I am thrilled to have my critique partner from the MiGs, Debbie Ridpath Ohi, chatting with us here at Chocolate for Inspiration. I've known Debbie for a number of years and I've had the chance to read her middle grade and picture books. She is incredibly talented and I can't wait to see all of other projects come out to the light of day over the next few years.
Now for the interview!
Me: There is so much fun and humor in your illustrations. What springboards you to come up with these creative ideas?
I admit it was an adjustment at first. Once I started working on I'M BORED, my doodling went way down at first because I figured I needed to put the time into workstuff instead…but then I found this had a negative influence on my workstuff. Once I started drawing for fun again on the side, things got better again.
Now I'm thinking I should starting doing more of the same for my writing as well. I used to keep a private daily journal, just for random thoughts, and I think I'll start it up again.
Me: How do you look at a story from an illustrator's perspective?Debbie: That's an interesting question, mainly because I've always looked at stories visually when I'm reading.
However, working on I'M BORED as well as my new picture book project for Simon & Schuster BFYR has certainly started me thinking a lot more about the picture book reader experience. There are so many aspiring picture book writers and illustrators out there who think that it's just a matter of writing the story and then adding pictures.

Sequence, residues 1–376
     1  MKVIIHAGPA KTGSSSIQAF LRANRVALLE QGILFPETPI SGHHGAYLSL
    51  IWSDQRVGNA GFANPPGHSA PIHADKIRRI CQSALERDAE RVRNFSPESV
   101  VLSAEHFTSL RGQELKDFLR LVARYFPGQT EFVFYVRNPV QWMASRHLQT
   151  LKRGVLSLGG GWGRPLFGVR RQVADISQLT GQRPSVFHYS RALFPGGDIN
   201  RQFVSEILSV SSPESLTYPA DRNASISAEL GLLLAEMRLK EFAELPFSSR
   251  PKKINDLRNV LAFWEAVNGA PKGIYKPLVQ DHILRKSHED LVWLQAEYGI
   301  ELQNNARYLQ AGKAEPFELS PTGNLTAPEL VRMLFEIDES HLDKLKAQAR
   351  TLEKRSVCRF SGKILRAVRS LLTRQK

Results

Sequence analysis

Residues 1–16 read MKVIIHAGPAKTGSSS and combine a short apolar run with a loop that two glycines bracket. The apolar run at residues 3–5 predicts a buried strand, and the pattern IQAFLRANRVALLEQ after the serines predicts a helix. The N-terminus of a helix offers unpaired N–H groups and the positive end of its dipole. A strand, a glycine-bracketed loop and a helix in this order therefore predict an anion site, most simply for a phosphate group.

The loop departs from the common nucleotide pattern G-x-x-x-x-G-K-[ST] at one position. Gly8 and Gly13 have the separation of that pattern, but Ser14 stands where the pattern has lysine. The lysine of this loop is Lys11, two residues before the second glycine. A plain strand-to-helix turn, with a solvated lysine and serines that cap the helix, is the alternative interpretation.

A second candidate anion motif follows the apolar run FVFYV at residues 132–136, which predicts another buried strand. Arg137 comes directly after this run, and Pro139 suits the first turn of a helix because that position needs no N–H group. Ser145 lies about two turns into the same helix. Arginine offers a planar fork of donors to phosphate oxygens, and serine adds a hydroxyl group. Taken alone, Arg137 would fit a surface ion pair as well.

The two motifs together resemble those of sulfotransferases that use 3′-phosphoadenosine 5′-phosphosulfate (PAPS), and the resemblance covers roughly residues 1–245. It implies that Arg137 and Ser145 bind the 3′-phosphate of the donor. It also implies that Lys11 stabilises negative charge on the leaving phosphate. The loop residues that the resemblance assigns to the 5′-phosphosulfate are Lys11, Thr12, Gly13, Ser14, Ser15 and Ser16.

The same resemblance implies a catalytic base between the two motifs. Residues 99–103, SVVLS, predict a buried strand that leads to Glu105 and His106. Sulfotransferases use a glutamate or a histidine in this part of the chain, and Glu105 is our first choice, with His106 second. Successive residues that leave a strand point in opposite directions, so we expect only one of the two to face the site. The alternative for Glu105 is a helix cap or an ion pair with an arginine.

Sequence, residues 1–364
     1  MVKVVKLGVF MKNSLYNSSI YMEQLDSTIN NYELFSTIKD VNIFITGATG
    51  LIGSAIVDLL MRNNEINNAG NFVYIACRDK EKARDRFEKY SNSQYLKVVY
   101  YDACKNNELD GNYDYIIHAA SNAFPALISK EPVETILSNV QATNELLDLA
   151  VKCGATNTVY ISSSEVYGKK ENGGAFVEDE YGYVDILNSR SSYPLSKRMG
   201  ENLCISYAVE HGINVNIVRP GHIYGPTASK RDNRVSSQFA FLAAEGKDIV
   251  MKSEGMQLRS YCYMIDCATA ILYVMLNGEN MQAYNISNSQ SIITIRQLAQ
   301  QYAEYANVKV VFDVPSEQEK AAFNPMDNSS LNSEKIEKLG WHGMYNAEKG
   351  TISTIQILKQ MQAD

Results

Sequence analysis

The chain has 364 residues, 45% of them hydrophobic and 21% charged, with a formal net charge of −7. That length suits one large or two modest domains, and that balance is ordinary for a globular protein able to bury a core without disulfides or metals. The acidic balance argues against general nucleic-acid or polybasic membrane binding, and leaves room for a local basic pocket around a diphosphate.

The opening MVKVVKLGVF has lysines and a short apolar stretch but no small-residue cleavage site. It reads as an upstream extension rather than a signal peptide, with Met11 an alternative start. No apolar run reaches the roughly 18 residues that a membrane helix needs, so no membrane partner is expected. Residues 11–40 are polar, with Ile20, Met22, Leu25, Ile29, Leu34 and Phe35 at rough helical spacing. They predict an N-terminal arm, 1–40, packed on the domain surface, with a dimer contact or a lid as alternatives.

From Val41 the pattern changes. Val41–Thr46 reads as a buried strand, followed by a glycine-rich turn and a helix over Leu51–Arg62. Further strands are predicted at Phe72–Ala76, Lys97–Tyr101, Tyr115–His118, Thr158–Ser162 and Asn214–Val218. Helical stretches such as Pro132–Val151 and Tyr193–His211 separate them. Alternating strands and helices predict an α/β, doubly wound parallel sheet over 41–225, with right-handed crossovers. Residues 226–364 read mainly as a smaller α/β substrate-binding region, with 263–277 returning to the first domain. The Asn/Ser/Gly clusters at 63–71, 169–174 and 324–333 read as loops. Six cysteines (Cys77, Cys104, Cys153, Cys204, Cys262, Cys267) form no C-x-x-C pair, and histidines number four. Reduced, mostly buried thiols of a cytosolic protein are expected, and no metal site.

It's so much more, however. Writing picture books is HARD. Or rather, writing a good picture book that stands out in the marketplace and is appealing to young people (rather than grown-ups who are used to the classic type of picture books from the past) is hard.
Those who illustrate as well as write have a definite advantage when it comes to creating picture books because/we can't help but think of how the text and illustrations can function as one unit AS we write the story. I'm always asking myself, "How can I show this in the illustrations instead of in the text? What can I add in the illustrations that will enhance the story?"It's a challenging but ultimately immensely satisfying process.
Me: And the most important question, what's your favorite chocolate?Debbie: Good quality dark chocolate.
A fellow chocolate lover! Yay! Thank you so much Debbie for hanging out with us!
Stalk Debbie at:
Debbie and Simon and Schuster have also offered to give away a copy of I'M BORED! Just comment in the section below. Get an extra entry for tweeting, blogging or mentioning this interview on Facebook. Just let me know in the comments section!
Contest open internationally until Sept. 19th.